Vol. LXIII, No. 29
Wednesday, July 22, 2009
(Photo by Fred Klein Courtesy of Princetons Office of Athletic Communications)
FIRM GRASP: Princeton University mens lightweight head coach Greg Hughes, left, hugs stroke Robin Prendes after the Tigers won the Temple Challenge Cup at the Henley Royal Regatta earlier this month. The win was the first Henley title for the Princeton lightweight program since 1973. It was an especially sweet victory for Hughes, a star Princeton lightweight rower in the 1990s.
Even though the Henley Royal Regatta annually takes places in the first week of July, the weather can seem autumn-like at the course near London.
Over the years, the rowers have been hit with sheets of rain and temperatures in the 40s or 50s.
But when the Princeton University mens lightweight crew arrived in England to compete for the Temple Challenge Cup in late June, it was greeted by a heat wave with sunny skies and the thermometer soaring into the 80s.
With the Tigers having scorched the competition all spring in a brilliant season that saw the top varsity boat go undefeated and win the Eastern Sprints and Intercollegiate Rowing Association (IRA) titles along the way, Princeton head coach Greg Hughes was hoping his rowers would benefit from the surprisingly pleasant conditions.
We were getting good water, said Hughes, who guided the Princeton freshmen heavyweights to a Henley title in 2003 before taking over the lightweight program two years later.
The weather there can be a little hit or miss but the weather was fantastic this time with no rain at all. They were putting up some pretty solid times.
As the Tigers lined up for their opening race against the University of Bristol A in the head-to-head, single elimination competition, Hughes was cautiously optimistic.
The first race was a gut check, said Hughes. Are you really fast or are the times make-believe? We needed to get the kinks out; we needed to get used to racing that course.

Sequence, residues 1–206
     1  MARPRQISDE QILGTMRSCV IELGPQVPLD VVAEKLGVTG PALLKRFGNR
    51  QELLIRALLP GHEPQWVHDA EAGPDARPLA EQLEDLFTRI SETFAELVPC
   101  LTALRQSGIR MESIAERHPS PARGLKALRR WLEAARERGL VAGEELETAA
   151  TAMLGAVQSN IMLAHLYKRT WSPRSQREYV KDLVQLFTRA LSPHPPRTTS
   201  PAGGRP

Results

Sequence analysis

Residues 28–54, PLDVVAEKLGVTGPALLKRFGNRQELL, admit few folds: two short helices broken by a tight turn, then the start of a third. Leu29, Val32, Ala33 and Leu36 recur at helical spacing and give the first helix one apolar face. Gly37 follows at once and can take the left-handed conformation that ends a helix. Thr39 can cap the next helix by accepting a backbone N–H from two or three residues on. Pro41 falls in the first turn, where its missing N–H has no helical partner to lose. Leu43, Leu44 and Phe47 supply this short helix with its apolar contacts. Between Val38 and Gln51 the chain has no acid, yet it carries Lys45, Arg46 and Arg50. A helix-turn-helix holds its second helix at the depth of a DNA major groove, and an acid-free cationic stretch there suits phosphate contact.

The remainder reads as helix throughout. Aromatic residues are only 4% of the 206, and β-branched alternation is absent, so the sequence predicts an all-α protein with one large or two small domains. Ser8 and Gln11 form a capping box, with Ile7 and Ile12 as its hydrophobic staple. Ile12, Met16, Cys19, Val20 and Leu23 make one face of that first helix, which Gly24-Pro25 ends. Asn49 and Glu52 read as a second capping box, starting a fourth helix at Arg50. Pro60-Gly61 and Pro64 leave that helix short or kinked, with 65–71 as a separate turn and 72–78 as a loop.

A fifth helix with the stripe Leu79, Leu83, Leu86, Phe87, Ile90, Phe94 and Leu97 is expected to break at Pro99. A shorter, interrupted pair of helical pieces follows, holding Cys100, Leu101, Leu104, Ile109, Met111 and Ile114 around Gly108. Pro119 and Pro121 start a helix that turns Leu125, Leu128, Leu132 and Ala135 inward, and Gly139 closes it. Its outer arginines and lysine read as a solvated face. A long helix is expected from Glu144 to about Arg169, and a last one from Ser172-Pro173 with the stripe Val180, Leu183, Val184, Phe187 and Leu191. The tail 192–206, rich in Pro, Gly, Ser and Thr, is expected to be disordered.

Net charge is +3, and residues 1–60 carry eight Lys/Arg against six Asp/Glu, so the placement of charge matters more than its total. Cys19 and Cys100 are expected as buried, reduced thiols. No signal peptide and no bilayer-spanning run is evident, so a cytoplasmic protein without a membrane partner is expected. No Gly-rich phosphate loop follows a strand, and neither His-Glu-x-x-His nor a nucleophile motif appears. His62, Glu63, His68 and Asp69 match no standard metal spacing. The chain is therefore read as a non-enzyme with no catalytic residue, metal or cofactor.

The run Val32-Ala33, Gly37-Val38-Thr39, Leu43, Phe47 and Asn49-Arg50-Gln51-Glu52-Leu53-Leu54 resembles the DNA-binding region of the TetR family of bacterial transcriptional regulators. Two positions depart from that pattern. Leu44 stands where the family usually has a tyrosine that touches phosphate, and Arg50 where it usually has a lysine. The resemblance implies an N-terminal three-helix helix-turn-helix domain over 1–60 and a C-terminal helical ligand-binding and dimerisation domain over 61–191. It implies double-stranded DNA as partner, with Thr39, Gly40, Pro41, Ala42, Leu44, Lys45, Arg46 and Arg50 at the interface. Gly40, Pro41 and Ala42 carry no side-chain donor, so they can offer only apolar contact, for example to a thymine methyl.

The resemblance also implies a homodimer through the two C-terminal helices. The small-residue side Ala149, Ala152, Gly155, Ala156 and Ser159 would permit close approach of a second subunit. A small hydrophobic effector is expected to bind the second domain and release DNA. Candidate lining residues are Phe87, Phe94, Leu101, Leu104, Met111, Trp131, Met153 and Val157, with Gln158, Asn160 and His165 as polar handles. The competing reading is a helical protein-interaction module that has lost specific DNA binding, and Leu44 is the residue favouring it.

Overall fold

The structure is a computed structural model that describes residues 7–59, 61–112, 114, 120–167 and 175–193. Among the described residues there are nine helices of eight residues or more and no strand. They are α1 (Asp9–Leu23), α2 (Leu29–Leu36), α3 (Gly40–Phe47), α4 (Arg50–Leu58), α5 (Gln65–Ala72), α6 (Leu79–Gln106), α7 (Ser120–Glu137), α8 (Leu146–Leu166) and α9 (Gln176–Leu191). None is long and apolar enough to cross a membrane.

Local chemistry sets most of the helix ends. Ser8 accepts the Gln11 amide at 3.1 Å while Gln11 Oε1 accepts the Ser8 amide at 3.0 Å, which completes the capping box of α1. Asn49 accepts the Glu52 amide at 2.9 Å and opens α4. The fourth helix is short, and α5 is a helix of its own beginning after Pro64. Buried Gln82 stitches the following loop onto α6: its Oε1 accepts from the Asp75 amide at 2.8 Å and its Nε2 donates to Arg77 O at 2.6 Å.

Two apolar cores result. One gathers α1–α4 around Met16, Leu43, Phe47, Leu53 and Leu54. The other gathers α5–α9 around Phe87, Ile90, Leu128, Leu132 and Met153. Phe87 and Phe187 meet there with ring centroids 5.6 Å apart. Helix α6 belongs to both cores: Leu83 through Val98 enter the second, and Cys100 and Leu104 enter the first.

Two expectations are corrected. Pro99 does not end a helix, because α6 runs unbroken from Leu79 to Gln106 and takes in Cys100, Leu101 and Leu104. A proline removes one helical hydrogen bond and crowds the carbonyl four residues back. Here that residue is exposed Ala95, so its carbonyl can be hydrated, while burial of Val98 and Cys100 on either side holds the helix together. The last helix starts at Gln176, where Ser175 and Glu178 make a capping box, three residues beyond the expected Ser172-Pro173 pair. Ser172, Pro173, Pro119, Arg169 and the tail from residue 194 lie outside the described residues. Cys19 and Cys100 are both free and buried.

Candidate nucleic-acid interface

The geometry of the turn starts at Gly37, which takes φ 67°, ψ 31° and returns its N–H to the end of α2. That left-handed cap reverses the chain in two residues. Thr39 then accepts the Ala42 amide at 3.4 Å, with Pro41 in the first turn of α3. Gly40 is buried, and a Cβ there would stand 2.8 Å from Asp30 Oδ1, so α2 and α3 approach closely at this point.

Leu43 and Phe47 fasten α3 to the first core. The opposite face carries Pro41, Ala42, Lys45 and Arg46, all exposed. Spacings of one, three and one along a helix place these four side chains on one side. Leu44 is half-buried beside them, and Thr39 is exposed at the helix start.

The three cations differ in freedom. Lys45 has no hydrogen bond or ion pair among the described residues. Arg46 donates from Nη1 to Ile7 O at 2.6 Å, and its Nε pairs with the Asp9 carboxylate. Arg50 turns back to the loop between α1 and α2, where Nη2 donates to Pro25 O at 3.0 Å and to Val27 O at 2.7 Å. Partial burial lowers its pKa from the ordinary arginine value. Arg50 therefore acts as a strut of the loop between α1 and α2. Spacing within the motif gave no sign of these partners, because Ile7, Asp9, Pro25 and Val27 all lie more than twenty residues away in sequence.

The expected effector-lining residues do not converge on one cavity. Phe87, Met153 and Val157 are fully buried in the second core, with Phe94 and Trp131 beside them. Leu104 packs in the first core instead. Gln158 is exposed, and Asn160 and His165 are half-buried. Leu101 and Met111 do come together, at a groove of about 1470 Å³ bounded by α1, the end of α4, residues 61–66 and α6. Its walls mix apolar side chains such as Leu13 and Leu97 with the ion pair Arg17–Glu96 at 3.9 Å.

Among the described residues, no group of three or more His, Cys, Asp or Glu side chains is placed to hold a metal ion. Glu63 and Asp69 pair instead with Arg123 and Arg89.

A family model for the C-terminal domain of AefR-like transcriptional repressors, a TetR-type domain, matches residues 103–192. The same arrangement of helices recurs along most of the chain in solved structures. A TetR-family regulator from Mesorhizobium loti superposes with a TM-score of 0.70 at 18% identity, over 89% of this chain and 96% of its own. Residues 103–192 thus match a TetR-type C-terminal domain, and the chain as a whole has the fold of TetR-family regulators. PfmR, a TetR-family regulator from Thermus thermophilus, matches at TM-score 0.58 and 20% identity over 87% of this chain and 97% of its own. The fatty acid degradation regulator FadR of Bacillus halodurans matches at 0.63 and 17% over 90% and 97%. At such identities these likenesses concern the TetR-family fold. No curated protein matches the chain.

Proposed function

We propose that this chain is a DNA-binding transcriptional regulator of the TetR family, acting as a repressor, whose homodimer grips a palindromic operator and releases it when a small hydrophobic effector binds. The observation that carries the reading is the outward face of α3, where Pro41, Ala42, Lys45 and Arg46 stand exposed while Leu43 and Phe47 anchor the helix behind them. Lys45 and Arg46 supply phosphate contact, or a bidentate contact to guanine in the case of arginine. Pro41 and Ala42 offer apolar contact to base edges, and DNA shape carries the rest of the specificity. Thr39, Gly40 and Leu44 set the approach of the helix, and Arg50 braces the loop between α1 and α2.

Princeton showed that it hasnt lost its racing edge, storming past Bristol, Newcastle, the University of Dublin, and A.S.R. Neurus of the Netherlands to make the finals against the Brown University freshmen heavyweight eight.
The Tigers completed their dream season in style, outlasting the Bears to pull out a ¾ length victory.
For Hughes, a former Princeton mens lightweight star rower, the moment of victory triggered a sense of closure.
I was choked up, there was nothing else to do, recalled Hughes. We had done everything we could do; it is very special to accomplish that. It was the first Henley title for the lightweights since 1973, the year I was born.
It took a special effort for the Tigers to best their bigger Ivy competitors in the championship race.
It is a long race and we dont have the horsepower that they they have, said Hughes.
We needed to use what we have efficiently. We planned to make a push halfway; the guys have been pretty effective at that all year. We took the upper hand but you have to defend it. It was their most impressive race of the year.
The win capped an impressive career for Princetons corps of seniors which included Justin Teti, Tom Paulett, Dave Krueger, Alex Dillon, and coxswain Dave Cleveland.
The seniors have had a great year, they have proven a lot, asserted Hughes, whose top boat also included Robin Prendes, Jack Leonard, James Donovan, and Christian Klein.
It was great to see them go out like that. They proved their legacy. Lots of people have been asking me if this is the greatest lightweight boat ever. You cant quantify that. It is different crews racing at different times in different weather.
For Hughes, helping the 2009 boat achieve greatness was as much about the journey as the destination.
Thats what I love about coaching, you start from scratch each year, said Hughes. The end game is the result but how you get there is different every year. I had a successful first year and I tried to do the same workouts on the same days the next year and the boat didnt hit those times. The team will dictate the training.
From beginning to end this season, the Tigers showed an innate ability to dictate things in their races.
They met a lot of challenges, added Hughes. They didnt have one way of racing a race. In the face of a lot of challenges, they prevailed. If they didnt have a way to win, they found it.
And, in the process, the boat proved it can take the heat on both sides of the Atlantic.
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